In this spirit, I offer comments on many of the contest games. As I
played the games, I jotted down impressions as they came to me. Many of
these impressions consist of no more than a sentence or two. Please note
that the impressions are not necessarily indicative of my final opinion or
ranking of a game. If any author is interested in my more in-depth
analysis of his/her game, he/she is welcome to email me about it.
In many of my comments, I mention the Huh-meter. The Huh-meter is a
device devised my Michael Self which measures the "huh-ness" of a puzzle.
If a puzzle makes no sense to me even after I've solved it, the Huh-meter
gives an accordingly high reading.
One final warning: as with Neil's and Chris' comments, don't read these
until your votes are finalized.
Kissing the Buddha's Feet: Oh, no, another college game. I like how one
of the NPCs follows me around, offering comments on EVERYTHING. There is
a _lot_ going on; distracting at times.
Tapestry [original version]: Quote boxes. Long sentences that ramble on.
Quote boxes threaten to become this year's use of footnotes. Interesting
story; almost no interaction.
Curse of Eldor: Cliched topic. Misspellings. Lackluster writing. I
can't use "verbose"?!? And where's the archivist the walkthrough tells me
Sir Ramic Hobbs & the Oriental Wok: Very funny narrator. Many pings from
the Huh-meter. I'm playing "guess the verb" in some cases.
The Meteor, the Stone, and a Long Glass of Sherbet: Reminds me in an
offhanded way of Kipling. Interesting idea. It feels too long for the
2-hr limit--I'm having to resort to hints early on. A few pings from the
Huh-meter, especially with regards to the culvert puzzle.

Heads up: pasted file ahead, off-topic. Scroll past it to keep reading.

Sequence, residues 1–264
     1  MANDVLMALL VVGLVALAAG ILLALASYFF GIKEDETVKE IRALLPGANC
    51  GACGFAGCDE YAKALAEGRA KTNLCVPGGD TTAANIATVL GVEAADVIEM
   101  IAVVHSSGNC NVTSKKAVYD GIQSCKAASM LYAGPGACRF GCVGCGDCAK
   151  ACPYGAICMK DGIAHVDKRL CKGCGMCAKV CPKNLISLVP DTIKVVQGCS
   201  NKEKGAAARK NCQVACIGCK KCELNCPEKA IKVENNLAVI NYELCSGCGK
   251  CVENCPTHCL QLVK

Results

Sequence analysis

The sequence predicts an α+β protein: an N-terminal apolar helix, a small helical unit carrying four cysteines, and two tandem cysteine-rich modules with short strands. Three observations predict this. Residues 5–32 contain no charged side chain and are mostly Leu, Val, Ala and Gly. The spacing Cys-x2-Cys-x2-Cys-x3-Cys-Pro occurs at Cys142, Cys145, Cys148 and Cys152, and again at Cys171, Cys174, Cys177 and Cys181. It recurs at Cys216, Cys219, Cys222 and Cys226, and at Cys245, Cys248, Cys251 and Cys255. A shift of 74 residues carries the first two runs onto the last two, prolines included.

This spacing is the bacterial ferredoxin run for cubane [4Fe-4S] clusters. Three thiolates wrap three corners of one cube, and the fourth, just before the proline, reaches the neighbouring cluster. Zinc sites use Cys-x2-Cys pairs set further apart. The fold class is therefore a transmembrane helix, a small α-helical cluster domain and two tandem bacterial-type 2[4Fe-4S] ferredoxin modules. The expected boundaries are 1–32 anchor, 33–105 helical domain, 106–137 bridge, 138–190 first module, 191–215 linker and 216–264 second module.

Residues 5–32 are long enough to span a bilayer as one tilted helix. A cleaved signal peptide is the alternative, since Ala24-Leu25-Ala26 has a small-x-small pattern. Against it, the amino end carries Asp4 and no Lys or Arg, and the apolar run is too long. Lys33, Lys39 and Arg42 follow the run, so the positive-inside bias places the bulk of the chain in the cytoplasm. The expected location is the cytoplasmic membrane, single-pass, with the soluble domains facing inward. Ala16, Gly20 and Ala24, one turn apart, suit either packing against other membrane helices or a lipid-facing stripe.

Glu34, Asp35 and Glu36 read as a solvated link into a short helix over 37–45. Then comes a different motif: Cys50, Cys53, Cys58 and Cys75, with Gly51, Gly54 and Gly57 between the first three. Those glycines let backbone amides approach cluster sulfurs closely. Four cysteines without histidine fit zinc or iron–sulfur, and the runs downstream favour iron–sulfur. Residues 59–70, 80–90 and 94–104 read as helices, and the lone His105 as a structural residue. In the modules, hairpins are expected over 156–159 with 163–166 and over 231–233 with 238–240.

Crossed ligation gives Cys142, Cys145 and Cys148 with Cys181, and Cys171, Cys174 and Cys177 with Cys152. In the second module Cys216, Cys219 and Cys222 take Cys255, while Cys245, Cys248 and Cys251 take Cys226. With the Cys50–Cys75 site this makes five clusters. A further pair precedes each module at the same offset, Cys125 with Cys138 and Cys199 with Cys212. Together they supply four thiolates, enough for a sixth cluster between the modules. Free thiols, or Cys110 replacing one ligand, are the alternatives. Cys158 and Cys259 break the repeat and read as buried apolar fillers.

Phlegm: Bizarre, bizarre, bizarre. The puzzles score high on the
Huh-meter, but the whole thing is maniacally fun. The fact that nothing
is making sense makes sense to me.
Punkirita Quest One Liquid: Bad misspellings, hackneyed plot (save the
Omniverse from the evil mage). "Geod" for geode and wurse. I'm having
severe problems following the plot.
Piece of Mind: Some misspellings. An interesting feeling, controlling an
actor: it adds to a sense of detatchment. The game is pegging the
Huh-meter, although it gets bonus points for the +5 stone of copy
Wearing the Claw: _Another_ "save your village from the evil magician"
game. Tight game, very linear, but reasonable given the time constraint.
Fear: Interesting premise. Horror. Many of the puzzles trigger the
Huh-meter. I'm not making the connections the author obviously wants me
to--I don't follow how the different fears connect.
Of Forms Unknown: Allegorical; manipulate forms. Is this inspired by "So
Far?" [Ed. note: I discovered later that it was.] Amazingly nasty bug
kills the endgame. It's not capturing my imagination. It feels as dry as
the geometric forms which inhabit it.
In the End: Hm, a _story_ story. I notice that life doesn't save, but it
does keep score and count turns. Nice exploration/simulation, but I'm
unconvinced about the ending. I'm not involved enough to _believe_ what
I'm obviously supposed to do.
Ralph: I'm a dog. No, really, I'm a dog! Clever, clever. Brief fun,
Rippled Flesh: Stephen King's name is misspelled in the first quote box, a
bad sign. Indeed, the misspellings and grammar mistakes are overwhelming
my desire to continue.
Stephen Granade | "It takes character to withstand the
sgra...@phy.duke.edu | rigors of indolence."
Duke University, Physics Dept | -- from _The Madness of King George_